August has arrived, and students around the world are getting ready to put their best academic feet forward as we are ushered in to the new school year. In many ways, August is not unlike January; the New Year and the New School Year are preceded by last minute partying and countdowns to the day. Both are considered a fresh start, and they’re both the perfect time to reflect on life goals and make resolutions.
On December 31st, goals are focused on lifestyles and habits not necessarily relevant to academia. At this stage in our lives, academia can often become our lifestyle, so it’s important that we don’t neglect it. Most of us already have goals: get into our first choice university, earn the best internship spot, and be at the top of the class. What we don’t always have is the continued motivation or game plan to accomplish our goals- that’s where August resolutions come in. Coming up with these resolutions requires us to be introspective and prioritize life goals and what we want to get accomplished. By starting resolutions right before school begins, we can take advantage of being more focused on the next school year. It’s easy to set up and, with a little effort, you will see progress.
1. Determine resolutions and set reasonable goals.
Resolutions can be looked at two ways: sacrifices or upgrades. We can either view our resolutions as sacrificing old habits in order to achieve the lifestyle we want, or upgrading our habits so we can be better and more successful people. And some resolutions are more reasonable than others. Are you really going to give up Netflix to make sure you do well the first semester? Probably not. Instead of trying to deprive yourself, aim to incorporate newer, healthier habits into your life. In this situation, I would make the effort to spend at least 1 hour of studying for each class with maximum effort, and treat myself to some Netflix when I’m done. It’s more reasonable to ask a young adult to upgrade their habits than to sacrifice a pleasure.
2. Use a system of self-accountability.
There’s no point in making resolutions if you’re not going to hold yourself to them. Write down your goals, tell someone about yours goals, or even have goal buddies. I keep my goals listed in on a big whiteboard in my room, and underneath each goal I’ve listed the resolutions and steps I am taking to get there. You won’t have a teacher to do a homework check (unless you and your buddy help each other), so you have to be your own self-advocate and keep yourself in line. This is one of the hardest things to do, and one of my resolutions was to keep an eye on myself.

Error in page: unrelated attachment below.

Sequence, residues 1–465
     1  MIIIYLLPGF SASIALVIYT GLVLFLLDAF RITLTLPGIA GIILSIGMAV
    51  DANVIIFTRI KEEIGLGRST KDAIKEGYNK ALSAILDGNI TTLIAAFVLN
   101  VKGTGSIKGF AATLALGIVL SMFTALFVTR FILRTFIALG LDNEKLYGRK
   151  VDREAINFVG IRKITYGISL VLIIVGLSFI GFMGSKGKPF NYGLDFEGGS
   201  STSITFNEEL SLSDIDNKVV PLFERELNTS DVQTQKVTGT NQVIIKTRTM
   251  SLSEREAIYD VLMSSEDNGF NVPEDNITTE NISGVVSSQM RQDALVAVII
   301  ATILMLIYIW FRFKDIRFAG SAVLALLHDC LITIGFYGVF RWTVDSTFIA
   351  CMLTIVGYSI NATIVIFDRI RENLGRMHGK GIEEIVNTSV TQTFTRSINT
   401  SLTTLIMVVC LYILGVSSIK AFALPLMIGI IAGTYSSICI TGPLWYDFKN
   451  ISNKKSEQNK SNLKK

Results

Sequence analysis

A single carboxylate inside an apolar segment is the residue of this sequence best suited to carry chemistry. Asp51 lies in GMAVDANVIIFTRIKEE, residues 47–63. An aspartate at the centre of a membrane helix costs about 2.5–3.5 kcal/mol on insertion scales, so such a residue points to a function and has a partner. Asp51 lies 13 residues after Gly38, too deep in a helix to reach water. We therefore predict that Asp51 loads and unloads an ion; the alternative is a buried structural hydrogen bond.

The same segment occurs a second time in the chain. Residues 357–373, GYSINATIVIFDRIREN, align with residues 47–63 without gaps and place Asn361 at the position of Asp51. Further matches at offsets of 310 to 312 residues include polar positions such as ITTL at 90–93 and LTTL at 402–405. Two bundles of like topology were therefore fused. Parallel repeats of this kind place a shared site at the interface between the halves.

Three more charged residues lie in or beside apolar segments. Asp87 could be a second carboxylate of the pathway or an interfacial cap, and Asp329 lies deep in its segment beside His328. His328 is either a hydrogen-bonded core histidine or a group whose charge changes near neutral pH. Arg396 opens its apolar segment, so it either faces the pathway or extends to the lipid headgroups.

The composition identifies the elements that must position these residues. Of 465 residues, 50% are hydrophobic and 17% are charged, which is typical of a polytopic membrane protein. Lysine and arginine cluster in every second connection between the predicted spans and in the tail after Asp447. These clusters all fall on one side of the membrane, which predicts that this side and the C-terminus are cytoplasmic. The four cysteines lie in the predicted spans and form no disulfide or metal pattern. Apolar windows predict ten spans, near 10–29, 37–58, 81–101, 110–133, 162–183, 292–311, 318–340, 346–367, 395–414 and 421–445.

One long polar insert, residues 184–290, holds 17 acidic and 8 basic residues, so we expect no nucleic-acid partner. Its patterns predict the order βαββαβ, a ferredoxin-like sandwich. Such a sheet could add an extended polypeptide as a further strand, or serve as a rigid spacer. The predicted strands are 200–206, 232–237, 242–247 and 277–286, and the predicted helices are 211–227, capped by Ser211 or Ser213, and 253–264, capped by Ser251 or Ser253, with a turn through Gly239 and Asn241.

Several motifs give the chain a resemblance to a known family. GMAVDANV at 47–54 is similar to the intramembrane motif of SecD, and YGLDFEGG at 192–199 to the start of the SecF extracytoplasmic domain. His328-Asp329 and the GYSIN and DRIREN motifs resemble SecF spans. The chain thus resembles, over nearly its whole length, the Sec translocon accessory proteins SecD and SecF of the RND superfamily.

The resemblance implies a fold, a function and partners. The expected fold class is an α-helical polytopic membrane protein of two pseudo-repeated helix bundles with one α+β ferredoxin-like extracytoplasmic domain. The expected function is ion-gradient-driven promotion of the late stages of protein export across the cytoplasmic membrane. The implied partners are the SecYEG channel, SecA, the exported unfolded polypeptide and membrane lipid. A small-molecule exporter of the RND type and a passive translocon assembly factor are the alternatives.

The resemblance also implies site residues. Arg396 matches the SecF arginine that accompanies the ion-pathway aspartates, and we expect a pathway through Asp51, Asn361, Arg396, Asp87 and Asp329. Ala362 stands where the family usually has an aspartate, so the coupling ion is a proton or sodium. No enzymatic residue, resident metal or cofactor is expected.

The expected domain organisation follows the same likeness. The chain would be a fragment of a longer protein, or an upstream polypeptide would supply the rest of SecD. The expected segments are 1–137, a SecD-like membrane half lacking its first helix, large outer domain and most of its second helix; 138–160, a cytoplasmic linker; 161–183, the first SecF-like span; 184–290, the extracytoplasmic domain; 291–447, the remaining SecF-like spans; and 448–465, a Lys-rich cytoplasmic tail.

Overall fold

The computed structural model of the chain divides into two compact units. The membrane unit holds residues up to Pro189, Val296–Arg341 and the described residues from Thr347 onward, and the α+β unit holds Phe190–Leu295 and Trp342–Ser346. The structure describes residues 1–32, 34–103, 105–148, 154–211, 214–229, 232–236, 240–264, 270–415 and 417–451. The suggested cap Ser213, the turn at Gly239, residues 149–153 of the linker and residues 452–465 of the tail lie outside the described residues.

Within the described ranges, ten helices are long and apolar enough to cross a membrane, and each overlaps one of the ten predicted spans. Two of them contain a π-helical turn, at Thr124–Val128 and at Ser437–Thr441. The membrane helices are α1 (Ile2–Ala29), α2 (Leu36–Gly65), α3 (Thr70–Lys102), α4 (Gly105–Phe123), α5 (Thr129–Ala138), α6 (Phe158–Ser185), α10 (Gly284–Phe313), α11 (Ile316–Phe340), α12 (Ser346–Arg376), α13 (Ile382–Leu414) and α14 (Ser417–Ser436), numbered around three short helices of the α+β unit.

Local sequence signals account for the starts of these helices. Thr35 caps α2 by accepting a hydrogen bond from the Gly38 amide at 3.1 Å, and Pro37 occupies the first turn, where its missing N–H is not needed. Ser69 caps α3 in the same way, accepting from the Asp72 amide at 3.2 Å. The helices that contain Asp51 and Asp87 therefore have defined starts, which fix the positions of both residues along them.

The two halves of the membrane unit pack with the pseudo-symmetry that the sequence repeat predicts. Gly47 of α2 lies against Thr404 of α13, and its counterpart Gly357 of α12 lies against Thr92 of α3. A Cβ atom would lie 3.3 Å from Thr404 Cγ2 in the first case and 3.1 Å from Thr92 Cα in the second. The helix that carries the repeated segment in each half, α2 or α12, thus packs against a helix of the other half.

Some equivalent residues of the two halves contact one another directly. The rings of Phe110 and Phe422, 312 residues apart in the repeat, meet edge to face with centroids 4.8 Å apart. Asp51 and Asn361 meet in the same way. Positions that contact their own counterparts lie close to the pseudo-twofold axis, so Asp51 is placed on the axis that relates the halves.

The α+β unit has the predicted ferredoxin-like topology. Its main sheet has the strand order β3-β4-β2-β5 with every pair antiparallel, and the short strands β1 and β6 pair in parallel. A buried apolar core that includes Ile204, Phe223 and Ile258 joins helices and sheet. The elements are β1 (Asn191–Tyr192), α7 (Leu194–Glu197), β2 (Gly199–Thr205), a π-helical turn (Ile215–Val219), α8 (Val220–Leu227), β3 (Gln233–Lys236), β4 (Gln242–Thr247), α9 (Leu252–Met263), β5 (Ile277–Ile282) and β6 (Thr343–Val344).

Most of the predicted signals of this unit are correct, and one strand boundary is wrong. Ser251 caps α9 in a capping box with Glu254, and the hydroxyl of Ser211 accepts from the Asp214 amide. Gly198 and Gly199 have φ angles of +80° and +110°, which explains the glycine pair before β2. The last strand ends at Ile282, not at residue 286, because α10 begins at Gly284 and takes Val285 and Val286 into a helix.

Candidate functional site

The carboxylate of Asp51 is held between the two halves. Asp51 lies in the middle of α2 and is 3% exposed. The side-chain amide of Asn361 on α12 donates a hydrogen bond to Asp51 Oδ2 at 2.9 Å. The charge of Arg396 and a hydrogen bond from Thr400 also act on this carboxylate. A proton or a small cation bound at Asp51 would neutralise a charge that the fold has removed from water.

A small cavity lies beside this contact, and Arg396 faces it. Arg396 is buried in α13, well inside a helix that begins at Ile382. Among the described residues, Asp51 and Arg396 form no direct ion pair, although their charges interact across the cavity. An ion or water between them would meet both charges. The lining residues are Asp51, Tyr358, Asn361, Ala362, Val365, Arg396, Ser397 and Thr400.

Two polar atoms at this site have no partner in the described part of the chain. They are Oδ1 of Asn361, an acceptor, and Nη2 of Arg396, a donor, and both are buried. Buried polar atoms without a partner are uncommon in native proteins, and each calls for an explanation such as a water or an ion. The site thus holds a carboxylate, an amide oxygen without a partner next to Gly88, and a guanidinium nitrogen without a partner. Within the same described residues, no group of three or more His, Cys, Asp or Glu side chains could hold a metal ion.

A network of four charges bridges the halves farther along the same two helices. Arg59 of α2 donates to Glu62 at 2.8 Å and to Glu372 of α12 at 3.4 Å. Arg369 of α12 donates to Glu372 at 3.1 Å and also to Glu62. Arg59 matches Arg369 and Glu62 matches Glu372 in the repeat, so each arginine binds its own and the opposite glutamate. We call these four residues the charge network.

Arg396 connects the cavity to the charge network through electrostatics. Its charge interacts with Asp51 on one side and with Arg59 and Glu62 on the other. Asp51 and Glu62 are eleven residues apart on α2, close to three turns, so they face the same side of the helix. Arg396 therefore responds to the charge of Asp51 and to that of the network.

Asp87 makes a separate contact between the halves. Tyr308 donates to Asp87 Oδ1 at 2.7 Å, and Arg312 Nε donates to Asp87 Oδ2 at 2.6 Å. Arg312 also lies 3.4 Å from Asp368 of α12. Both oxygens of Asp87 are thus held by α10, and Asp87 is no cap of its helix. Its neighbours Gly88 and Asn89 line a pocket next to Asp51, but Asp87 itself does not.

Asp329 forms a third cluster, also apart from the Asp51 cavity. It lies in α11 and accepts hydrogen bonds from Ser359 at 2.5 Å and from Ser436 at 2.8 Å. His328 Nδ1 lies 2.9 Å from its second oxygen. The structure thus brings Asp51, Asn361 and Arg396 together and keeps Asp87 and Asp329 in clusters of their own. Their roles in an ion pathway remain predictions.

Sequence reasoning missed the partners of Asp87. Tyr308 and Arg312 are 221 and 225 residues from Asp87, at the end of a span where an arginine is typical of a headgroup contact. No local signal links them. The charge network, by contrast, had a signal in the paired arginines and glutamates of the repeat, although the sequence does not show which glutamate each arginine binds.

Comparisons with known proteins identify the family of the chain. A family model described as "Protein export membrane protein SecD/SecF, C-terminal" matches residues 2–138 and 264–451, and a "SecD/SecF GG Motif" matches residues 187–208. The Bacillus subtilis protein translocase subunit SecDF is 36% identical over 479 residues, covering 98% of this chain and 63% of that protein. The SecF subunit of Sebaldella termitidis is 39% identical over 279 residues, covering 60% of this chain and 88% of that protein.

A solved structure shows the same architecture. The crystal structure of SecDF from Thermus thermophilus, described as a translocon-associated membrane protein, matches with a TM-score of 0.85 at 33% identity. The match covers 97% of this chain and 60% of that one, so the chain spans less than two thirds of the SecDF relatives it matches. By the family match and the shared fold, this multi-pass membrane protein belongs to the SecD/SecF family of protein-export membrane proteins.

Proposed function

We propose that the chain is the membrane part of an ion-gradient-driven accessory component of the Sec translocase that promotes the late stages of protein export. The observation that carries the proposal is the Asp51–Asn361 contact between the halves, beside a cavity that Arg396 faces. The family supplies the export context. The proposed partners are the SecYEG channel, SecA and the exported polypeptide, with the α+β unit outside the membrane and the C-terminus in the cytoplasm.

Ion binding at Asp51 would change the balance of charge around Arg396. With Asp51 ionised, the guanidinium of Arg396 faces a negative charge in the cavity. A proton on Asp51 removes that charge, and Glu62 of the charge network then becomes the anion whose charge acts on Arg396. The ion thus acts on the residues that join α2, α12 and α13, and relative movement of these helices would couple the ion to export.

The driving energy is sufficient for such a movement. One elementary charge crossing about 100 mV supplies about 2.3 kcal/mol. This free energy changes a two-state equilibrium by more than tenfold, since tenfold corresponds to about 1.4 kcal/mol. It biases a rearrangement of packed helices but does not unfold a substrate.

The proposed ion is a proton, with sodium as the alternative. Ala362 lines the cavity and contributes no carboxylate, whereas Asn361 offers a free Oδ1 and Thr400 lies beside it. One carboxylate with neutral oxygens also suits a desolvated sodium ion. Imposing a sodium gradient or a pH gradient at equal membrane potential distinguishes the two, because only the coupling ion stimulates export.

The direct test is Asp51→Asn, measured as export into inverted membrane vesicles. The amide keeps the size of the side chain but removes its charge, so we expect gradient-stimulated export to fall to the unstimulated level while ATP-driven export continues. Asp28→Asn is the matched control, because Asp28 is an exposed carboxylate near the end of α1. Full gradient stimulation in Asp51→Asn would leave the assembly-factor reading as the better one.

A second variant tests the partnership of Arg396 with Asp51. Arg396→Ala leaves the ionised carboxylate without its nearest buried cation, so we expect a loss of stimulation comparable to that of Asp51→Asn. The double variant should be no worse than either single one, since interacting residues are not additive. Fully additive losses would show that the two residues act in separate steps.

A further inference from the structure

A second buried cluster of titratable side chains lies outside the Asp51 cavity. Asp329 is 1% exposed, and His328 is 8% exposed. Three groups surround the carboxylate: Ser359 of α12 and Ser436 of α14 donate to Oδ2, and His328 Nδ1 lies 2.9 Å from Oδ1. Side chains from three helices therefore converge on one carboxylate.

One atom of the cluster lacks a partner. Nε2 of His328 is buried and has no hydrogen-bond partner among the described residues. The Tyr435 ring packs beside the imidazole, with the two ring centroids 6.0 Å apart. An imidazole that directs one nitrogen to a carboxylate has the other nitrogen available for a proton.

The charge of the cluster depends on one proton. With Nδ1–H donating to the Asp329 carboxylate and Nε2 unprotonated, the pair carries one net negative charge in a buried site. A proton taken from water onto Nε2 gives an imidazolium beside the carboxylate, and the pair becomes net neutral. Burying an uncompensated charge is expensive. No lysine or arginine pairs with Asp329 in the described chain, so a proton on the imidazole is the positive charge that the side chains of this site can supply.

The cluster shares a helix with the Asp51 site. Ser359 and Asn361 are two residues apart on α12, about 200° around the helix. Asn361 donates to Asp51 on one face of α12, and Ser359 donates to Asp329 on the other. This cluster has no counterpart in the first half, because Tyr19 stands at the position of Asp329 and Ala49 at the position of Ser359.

3. Check progress often.
This is different from accountability in that this time, you aren’t checking to see that you’ve worked on your goal but rather that you’ve improved. Set up a schedule if you don’t trust yourself yet, but soon these self-checks will become natural and routine. Wednesday is my favorite day to do a quick self-check on my goals and resolutions. With it being the middle of the week, Wednesday is the perfect day to set deadlines for yourself; you have a couple of work days to get something accomplished before and after the date. You’re already in the zone of things and not tired on a Monday or itching for the Friday night.
4. Celebrate small milestones.
As Donna Meagle and Tom Haverford would preach on Parks and Recreation: Treat Yo Self. Enforce positive outcomes with rewards to keep yourself motivated!
5. Reevaluate the goals you couldn’t meet.
Why couldn’t you meet the goals? Sometimes we don’t check in enough or we lose motivation, and that’s understandable. But the problem can also be found in Step 1: setting reasonable goals. We can be overenthusiastic and optimistic in our abilities and it’s easy to bite off more than we can chew. It’s the time to ask yourself if the goals were reasonable, and maybe question if you are approaching your resolution the right way. Trust your instincts and don’t give up on anything or yourself.
I’ve found that resolutions are more effective when they are positively focused and viewed as upgrades. Behavioral resolutions require and encourage self-discipline. If we learn to apply self-discipline as young adults and set academic goals, it will be much easier to set career and financial goals later on in adulthood.
It is never too late to start setting goals. Goals are supposed to be achievable and reasonable hopes that will enhance one’s motivation and purpose. It’s August, it’s a fresh start, and it’s time for us to start making some resolutions.